Bottom line: Claim sets that include independent claims directed to different types of entities (e.g., manufacturer v. end user, receiver v. transmitter, method v. apparatus) may enable the patent owner to license its patents to one entity without implicating patent exhaustion for a different entity. In Helferich v. NY Times (Fed. Cir. 2015), the patent owner licensed a set of “handset claims” contained in its patents to mobile phone manufacturers. When content providers (e.g., NY Times) sent messages to the mobile phones, the patent owner alleged that the content providers infringed the “content claims” contained in its patents. The content providers argued that the patent owner had exhausted its patent rights with respect to the “content claims” when it had licensed the “handset claims” to the mobile phone manufacturers. The court reviewed the family of patents and found that the Patent Office treated the content claims and the handset claims as being directed to different inventions, and thus, did not hold that the licensing of one set of claims implicated patent exhaustion for the other set of claims.
Under the doctrine of patent exhaustion, once there has been an authorized sale of a patented item, that sale “ ‘ confers on the purchaser, or any subsequent owner, ‘the right to use [or] sell’ the thing as he sees fit.” The Helferich opinion answers the question of how far patent exhaustion should reach in order to limit the power of a patent to exclude another from practicing the invention. For example, if one or more patents within a family are directed to a (1) product, (2) a consumable used in conjunction with the product and (3) a combination of the product and the consumable, would the purchase of the product exhaust the patent owner’s ability to stop sellers of the consumable? (e.g., Keurig v. Strum (Fed. Cir. 2013). Did the purchase of the product by the user exhaust the patent owner’s rights with respect to the combination? Can others sell the consumable to buyers of the product? These are some of the issues that patent exhaustion deals with. The inventor or lay person may view each of these components as being a part of the same inventive system. However, the law does not view the invention in those terms but views them under a slightly stricter standard set forth by the Patent Office. This strict standard may render a method of manufacturing a product a different invention from the product itself.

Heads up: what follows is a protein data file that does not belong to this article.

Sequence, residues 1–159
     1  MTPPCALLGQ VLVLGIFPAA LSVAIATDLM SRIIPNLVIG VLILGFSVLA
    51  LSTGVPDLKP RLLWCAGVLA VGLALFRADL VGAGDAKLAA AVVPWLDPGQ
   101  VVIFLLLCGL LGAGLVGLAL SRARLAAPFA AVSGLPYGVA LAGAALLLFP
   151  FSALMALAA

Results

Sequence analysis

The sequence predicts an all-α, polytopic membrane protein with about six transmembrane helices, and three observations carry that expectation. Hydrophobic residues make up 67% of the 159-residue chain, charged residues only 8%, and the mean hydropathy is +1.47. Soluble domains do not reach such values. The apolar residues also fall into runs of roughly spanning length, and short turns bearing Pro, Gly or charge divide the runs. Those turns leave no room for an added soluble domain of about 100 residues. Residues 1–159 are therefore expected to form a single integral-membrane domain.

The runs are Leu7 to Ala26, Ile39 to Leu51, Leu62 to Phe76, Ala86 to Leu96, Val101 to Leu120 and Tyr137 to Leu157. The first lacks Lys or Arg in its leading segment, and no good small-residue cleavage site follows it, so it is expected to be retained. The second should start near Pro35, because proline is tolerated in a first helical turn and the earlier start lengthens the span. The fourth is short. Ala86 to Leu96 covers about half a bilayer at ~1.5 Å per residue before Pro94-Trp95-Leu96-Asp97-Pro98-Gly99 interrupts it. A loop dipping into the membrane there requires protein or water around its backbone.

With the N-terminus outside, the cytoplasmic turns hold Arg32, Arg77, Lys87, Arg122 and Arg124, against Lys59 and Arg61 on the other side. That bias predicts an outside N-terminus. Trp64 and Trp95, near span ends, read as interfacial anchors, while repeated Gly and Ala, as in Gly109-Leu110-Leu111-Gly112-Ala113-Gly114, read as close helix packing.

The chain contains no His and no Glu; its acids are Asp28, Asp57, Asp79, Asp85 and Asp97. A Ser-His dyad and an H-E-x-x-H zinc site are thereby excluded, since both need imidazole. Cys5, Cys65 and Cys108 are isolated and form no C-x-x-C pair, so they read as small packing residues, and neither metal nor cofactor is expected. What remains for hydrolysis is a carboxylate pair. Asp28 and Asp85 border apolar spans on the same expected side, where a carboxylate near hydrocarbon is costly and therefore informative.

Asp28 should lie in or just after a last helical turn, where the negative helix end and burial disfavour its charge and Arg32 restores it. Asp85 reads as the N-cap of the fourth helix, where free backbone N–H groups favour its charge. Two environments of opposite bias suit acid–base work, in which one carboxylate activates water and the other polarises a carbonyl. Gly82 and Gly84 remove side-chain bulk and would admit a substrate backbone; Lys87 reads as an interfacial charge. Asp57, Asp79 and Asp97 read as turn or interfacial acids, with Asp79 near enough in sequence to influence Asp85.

In Helferich, the patent owner (Helferich) owned multiple patents with independent claims directed to mobile phones (i.e., handset claims) and methods for delivering content (i.e., content claims) to the mobile phones. These were pioneering patents and all mobile phone manufacturers licensed the handset claims from the patent owner. Content providers (e.g., The New York Times) would send content to mobile phone users. The patent owner alleged that these content providers were infringing the content claims of its patents. The defendant argued that Helferich’s patent rights with respect to the content claims were exhausted when Helferich licensed the handset claims to all mobile phones.
In short, the premise of defendant’s exhaustion defense is that since all handsets in the United States were licensed and the asserted claims contemplated a use of the handset by handset owners/possessors, there should be an across the board exhaustion of its patents related to the handset claims, without differentiation with the content claims.
The Court concluded that the exhaustion defense, as framed by defendants here, did not bar Helferich’s claims. The main reason was that the various patents were presumed to be directed to different inventions based on how the Patent Office treated the handset and content claims. As discussed above, although the mobile handset claims and the content claims are all part of the same inventive system, then law may treat them as being different inventions. To show that these are different inventions, the court looked to the prosecution history of the patents at issue. The court noted that the examiner did not make a double patenting rejection between the handset claims and the content claims. The double patenting rejection only occurs when the examiner believes that two claims are claiming the same invention. Since there was no double patenting rejection, the court concluded that the Patent Office treated the handset and content claims as different inventions and so would the court.
Moreover, the court noted that the examiner had rendered a restriction requirement between the handset claims and the content claims which further confirms that these are different inventions. Restriction Requirements are rendered when the examiner believes that the claims are directed to two or more inventions. As such, the exhaustion of the handset claims which occurred when the patent owner licensed these handset claims to the mobile phone manufacturers did not exhaust the patent owner’s rights to the content claims which were asserted against content providers.
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